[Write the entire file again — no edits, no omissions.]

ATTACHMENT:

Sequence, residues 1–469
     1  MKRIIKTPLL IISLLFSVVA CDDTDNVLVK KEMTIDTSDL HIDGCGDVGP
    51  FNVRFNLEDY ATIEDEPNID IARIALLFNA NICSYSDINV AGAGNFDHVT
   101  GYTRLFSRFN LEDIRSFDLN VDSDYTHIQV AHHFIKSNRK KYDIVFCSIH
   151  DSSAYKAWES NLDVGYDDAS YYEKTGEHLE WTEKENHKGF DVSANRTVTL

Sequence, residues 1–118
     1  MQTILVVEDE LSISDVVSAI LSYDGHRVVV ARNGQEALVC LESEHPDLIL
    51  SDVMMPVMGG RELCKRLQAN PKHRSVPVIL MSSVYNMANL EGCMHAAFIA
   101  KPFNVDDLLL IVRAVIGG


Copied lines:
Sequence, residues 1–469
     1  MKRIIKTPLL IISLLFSVVA CDDTDNVLVK KEMTIDTSDL HIDGCGDVGP
    51  FNVRFNLEDY ATIEDEPNID IARIALLFNA NICSYSDINV AGAGNFDHVT
   101  GYTRLFSRFN LEDIRSFDLN VDSDYTHIQV AHHFIKSNRK KYDIVFCSIH
   151  DSSAYKAWES NLDVGYDDAS YYEKTGEHLE WTEKENHKGF DVSANRTVTL

Sequence, residues 1–118
     1  MQTILVVEDE LSISDVVSAI LSYDGHRVVV ARNGQEALVC LESEHPDLIL
    51  SDVMMPVMGG RELCKRLQAN PKHRSVPVIL MSSVYNMANL EGCMHAAFIA
   101  KPFNVDDLLL IVRAVIGG